John Wayne

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John Wayne

John Wayne (stage name of Marion Michael Morrison; byname: "Duke"), 1907–1979,[1] United States film actor, was an icon of American heroism and the personification of idealized American values through his image of the strong, ruggedly-individualistic cowboy. His New York Times obituary called him "the greatest figure of one of America's greatest native art forms, the western.".[2] Vincent Canby called him "as emblematic of the United States of America as the Indian head penny, and perhaps even more enduring."[3] Wayne "established the still-standing record of Box Office success with 25 appearances in the Top 10 between 1949 and 1974."[4]

Wayne appeared in over two hundred films, including classic westerns such as Stagecoach, Red River, and The Searchers; patriotic war movies such as They Were Expendable, Sands of Iwo Jima, and The Green Berets; and films which departed from his stereotypical image, including The Long Voyage Home, The Quiet Man, and True Grit.

John Wayne turned down the lead role in High Noon because it felt its message was anti-American. Gary Cooper then played the role in a positive way and won the Oscar, which John Wayne accepted for him.[4]

Early life

Wayne was born May 26, 1907, in the small town of Winterset, Iowa. His father Clyde Morrison, a local pharmacist, named him Marion Robert, but had it changed when his brother Robert Emmett was born in 1911. Soon after Robert's birth the family moved to southern California where Clyde operated a ranch; when the ranch failed, they moved to Glendale. Marion delivered medicines for his father accompanied at times by his airedale dog "Duke", from which he got his famous nickname.

While studying and playing football at the University of Southern California he worked summers as a propman at Fox studios and built a friendship with director John Ford; Wayne would be placed in several small roles starting in 1928. His size and good looks got the attention of another director, Raoul Walsh, who placed Wayne in his first leading role in The Big Trail (1933)[1]; the film is the first in which he was creditied as Wayne. Other roles came his way during the next several years, mostly in low-budget films in which he played cowboys or soldiers, with several starring Wayne as a “singing cowboy” in the mold of Gene Autry and others (his singing was dubbed).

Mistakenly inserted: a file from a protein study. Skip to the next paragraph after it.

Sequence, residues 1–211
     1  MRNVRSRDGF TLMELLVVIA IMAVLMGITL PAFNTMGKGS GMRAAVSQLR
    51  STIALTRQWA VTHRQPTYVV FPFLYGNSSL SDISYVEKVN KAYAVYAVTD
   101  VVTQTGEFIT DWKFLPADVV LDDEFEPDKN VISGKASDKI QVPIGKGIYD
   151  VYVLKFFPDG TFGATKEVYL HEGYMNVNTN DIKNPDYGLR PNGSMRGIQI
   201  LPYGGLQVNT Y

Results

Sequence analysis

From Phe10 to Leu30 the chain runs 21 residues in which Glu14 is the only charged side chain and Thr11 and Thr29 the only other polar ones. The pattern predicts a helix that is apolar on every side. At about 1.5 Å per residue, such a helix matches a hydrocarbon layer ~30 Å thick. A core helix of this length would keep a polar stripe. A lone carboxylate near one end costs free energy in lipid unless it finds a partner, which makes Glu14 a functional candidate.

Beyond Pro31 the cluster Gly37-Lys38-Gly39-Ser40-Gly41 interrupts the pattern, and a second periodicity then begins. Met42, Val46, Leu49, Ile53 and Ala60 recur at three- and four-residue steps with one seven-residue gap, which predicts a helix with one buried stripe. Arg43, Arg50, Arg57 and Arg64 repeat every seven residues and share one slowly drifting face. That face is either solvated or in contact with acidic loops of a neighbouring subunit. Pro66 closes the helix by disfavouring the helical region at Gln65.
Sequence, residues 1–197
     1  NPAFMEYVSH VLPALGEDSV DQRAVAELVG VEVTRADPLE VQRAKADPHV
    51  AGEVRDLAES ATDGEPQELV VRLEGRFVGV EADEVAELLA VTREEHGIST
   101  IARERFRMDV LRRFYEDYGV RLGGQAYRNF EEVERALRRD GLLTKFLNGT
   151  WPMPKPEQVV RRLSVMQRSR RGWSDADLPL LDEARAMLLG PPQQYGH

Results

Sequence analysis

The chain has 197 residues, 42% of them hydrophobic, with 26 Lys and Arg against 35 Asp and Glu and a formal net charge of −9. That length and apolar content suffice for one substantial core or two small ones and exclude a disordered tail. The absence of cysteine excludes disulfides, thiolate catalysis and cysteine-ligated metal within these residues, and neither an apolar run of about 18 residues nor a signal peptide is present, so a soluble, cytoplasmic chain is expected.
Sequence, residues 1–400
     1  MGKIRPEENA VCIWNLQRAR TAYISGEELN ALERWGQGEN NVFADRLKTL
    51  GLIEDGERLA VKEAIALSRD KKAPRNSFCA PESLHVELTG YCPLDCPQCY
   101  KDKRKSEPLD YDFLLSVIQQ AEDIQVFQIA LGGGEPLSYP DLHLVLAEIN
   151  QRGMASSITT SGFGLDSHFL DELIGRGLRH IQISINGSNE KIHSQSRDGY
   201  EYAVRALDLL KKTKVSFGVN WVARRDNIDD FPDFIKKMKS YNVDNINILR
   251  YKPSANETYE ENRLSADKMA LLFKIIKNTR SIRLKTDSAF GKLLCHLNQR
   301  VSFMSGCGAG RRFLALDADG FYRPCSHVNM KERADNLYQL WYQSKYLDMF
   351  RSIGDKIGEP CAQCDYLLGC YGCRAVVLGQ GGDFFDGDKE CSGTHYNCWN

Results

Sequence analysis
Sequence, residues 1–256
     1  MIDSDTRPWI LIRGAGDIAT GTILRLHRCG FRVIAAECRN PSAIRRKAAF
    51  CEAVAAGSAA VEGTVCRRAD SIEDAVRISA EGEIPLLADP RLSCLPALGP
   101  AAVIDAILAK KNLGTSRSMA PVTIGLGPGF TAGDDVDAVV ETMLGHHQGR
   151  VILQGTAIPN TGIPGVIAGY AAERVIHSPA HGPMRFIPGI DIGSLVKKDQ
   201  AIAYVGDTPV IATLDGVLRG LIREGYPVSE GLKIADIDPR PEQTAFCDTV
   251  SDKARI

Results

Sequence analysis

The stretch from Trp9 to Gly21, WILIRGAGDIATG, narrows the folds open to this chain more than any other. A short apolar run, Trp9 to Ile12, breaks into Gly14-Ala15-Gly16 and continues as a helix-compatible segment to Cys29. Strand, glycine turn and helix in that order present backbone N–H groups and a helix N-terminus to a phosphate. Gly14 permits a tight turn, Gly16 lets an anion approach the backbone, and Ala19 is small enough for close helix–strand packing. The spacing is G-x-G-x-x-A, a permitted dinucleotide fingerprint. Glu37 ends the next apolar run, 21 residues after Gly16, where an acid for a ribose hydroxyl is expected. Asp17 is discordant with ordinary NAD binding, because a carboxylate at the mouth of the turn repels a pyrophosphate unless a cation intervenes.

Stardom came in his 80th film in 1939, when John Ford released Stagecoach[2], a gritty western starring Wayne as a gunslinger who aids passengers on a stagecoach through hostile Apache country. After Stagecoach he was placed in Ford's adaption of several Eugene O'Neal plays, The Long Voyage Home (1940)[3], earning critical praise for his performance.

A number of Hollywood actors were granted deferments during World War II for various reasons, Wayne among them. Despite recent criticsm that he purposely avoided military service, he actually tried to enlist several times in the U.S. Navy but was rejected due to his age at the time as well as an old injury sustained on his college football field. A government order regarding the drafting of Hollywood actors also went into effect effect in 1942, which to Wayne meant that his talents could best be used to build morale via the screen; his war films during that period showed him as the quintisential fighting man to great commercial success as well as boosting the war effort.